In 1984 I lived in San Jose, California. I remember my mother giving my siblings and me new “Rainbow Coalition” t-shirts and dragging us to several Jesse Jackson campaign events. My dad came along, and while he was clearly intrigued by the idea of a Jackson Presidency, he thought that politics was all “shaking hands and kissing babies.” The problem with that, he explained is that there is no way that any candidate could remember which hands he shook or babies he kissed. I didn’t understand why that was important at the time.
We didn’t get our first Black President in 1984. In 2008, I volunteered on Barack Obama’s campaign. I donated. I prayed. I talked people’s ears off about why he could be “the one.” He was a Senator, a former law school professor and a best selling author who happened to smoke Newports, play ball and brush waves into his hair. He was simultaneously stately, and approachable. After he was elected, we saw him controversially engage in customary bows before foreign heads of state, but also bow down so a little Black boy was able to feel that the President’s hair felt just like his. We saw him give stirring speeches but also shake hands with the janitors at the White House.
Obama has become a symbol for Black people–a reminder that we don’t need to view ourselves through the eyes of anyone else. We know how American society sees us. Rhode Island is one of the most segregated states in the country, and the schools are even more segregated than the communities at large. In Providence, white children make up 15 percent of the school aged population, but only nine percent of the public school population. It seems that white parents are both fleeing the city and the schools (white children made up 44 percent of Providence’s children and 25 percent of the public school population in 1998). It seems like we are heading back to the days of the redlining of the 1930’s.
This is why Donald Trump’s racially charged rhetoric is upsetting, but not surprising to most Black people–we’ve been here before. When I moved back to Providence from North Carolina in 2012, we rented an apartment in Federal Hill. My wife and I both lived in West Broadway when we met, but I still remembered as a kid in South Providence being warned to never walk through Federal Hill alone because “they didn’t like us.” If I missed my bus to Nathaniel Greene Middle School, we walked to downtown and all the way up Chalkstone Avenue to get to school heeding that warning. This is why I am always troubled when I hear the descendants of families long gone off the hill use the language of bringing it “back.” This is why I am a little afraid of State Senate candidate Nick Autiello’s campaign announcement on Facebook, with its nostalgic references to times that aren’t nostalgic to people like me.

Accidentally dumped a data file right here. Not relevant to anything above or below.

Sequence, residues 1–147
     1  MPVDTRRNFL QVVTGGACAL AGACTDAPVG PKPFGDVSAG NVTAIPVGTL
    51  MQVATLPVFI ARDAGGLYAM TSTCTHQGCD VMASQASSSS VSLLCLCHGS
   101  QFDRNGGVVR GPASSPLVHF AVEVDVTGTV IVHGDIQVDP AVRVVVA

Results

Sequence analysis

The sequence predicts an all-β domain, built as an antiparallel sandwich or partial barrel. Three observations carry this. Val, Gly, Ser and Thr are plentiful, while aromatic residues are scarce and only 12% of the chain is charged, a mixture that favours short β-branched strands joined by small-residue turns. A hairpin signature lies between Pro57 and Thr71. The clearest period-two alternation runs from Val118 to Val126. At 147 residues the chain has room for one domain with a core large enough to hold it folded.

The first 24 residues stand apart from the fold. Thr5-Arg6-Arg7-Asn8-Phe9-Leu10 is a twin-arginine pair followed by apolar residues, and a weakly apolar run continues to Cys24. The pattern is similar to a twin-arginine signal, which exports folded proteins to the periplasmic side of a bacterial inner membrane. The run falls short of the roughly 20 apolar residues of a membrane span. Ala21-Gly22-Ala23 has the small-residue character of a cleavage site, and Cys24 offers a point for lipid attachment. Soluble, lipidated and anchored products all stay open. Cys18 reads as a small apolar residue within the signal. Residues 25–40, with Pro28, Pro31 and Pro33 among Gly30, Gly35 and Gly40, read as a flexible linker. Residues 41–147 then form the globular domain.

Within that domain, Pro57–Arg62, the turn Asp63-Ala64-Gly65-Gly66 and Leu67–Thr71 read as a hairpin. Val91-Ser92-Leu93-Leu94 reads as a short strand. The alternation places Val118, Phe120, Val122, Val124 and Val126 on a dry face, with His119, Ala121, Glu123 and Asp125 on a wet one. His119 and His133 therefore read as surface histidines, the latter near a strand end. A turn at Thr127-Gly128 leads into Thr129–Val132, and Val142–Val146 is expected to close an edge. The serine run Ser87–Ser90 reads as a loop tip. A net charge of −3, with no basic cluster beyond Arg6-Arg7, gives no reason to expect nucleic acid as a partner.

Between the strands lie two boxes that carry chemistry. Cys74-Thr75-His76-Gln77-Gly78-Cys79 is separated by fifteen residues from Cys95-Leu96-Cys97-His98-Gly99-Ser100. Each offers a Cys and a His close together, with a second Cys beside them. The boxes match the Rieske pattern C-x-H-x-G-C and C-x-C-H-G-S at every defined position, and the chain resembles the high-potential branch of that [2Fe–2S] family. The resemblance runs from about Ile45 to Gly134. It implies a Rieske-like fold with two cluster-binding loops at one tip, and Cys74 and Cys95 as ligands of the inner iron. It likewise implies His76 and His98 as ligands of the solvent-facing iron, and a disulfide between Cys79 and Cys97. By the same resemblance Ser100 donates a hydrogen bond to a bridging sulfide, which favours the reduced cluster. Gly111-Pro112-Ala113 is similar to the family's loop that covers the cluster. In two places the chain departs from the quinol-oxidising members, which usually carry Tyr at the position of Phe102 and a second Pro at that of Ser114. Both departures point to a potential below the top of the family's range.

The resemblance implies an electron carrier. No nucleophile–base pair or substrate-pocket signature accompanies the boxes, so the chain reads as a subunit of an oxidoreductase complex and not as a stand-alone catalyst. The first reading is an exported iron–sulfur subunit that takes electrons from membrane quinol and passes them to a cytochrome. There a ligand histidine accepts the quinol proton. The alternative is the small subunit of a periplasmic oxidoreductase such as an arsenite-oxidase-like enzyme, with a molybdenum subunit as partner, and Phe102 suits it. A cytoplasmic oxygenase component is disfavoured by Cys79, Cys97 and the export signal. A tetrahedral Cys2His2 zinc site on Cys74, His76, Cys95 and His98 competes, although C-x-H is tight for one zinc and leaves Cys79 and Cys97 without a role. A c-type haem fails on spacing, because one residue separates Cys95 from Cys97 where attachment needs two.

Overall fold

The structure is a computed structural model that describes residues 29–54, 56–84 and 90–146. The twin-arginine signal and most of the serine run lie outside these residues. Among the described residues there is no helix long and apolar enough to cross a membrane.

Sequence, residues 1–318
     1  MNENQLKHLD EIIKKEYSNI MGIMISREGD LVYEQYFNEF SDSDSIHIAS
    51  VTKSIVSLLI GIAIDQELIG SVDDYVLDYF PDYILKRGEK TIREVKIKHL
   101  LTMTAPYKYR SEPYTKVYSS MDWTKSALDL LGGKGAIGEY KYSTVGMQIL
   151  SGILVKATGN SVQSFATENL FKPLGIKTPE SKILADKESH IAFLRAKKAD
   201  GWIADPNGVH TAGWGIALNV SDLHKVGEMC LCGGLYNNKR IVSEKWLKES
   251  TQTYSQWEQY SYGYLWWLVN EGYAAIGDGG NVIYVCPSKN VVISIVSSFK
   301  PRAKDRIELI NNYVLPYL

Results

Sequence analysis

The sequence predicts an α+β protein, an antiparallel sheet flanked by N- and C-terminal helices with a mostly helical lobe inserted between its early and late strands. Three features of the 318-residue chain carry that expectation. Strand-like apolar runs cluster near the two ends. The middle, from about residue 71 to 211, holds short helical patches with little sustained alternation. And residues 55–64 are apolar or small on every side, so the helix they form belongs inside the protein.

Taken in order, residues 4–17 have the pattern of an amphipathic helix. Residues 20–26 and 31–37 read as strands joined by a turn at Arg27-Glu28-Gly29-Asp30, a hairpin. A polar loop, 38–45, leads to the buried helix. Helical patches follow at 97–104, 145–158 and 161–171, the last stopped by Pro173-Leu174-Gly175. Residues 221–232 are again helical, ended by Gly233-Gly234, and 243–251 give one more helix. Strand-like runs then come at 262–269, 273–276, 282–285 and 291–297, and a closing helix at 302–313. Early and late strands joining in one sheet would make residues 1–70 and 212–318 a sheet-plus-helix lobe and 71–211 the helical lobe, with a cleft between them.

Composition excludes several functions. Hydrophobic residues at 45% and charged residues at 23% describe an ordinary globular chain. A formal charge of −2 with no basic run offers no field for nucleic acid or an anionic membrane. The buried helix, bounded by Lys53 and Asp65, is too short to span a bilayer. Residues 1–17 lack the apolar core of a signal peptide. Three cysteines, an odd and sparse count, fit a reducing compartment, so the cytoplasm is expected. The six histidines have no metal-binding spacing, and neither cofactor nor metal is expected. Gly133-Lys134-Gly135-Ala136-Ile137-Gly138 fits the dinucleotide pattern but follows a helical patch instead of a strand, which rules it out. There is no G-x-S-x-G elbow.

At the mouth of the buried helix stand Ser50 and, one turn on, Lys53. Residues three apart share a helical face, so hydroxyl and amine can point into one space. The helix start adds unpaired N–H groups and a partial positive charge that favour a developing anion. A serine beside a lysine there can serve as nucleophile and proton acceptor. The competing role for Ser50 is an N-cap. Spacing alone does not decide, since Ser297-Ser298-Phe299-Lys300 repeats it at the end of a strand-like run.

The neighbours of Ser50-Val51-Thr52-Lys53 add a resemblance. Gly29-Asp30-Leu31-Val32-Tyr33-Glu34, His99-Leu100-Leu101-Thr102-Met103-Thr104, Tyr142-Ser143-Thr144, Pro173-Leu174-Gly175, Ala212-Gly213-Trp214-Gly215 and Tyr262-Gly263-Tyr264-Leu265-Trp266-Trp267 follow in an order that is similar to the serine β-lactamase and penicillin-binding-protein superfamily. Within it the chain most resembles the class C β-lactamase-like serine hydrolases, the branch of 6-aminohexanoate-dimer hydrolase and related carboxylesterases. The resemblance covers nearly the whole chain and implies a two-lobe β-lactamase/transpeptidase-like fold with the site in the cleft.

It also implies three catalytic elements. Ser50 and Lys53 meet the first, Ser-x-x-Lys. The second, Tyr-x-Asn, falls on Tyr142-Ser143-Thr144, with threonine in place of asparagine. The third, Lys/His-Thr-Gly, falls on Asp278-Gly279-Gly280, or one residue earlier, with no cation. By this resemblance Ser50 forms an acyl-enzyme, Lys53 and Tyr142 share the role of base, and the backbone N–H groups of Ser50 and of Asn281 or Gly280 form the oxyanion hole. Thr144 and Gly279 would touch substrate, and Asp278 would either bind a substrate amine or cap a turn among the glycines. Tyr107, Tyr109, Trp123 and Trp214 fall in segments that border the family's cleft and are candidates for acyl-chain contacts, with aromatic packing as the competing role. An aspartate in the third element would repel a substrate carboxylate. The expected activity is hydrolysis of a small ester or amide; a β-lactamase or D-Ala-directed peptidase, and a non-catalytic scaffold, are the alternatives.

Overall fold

This is why I am a little afraid of Nick Autiello’s long history of opposing and attacking Obama. Rudy Giuliani, the Republican Mayor of New York City and 2008 Presidential candidate, has become a symbol of a different kind for Black people. Giuliani pioneered brutal police tactics like stop and frisk and has recently served as a prominent Trump surrogate who led the design of Trump’s Muslim ban. This is why it makes me a little afraid that Autiello began his career in Florida Republican politics campaigning for Rudy Giuliani in the 2008 Florida Republican primary:
Can we please ask a favor?
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This is why it makes me a little afraid that he supported John McCain over Obama:
This is why it makes me a little afraid that he loved Sarah Palin:
This is why it makes me a little afraid that he attacked Obama during that first campaign:
This is why it makes me a little afraid that he attacked Obama when he won:
This is why it makes me a little afraid that he attacked Obama’s style of speech:
This is why it makes me a little afraid that when he was working for Charlie Crist, he made it all about his hatred of Obama:
This is why it makes me a little afraid that he attacked the Black Democrat Crist was running against.
This is why it makes me a little afraid that he didn’t like Black voices on TV:
And this is why it makes me more than a little afraid that just a few years ago he posted this on Facebook:
Suddenly I don’t want to talk about if politicians remember whose hands they shake on the campaign. I just wonder if they feel the need to wash their hands after they shake mine.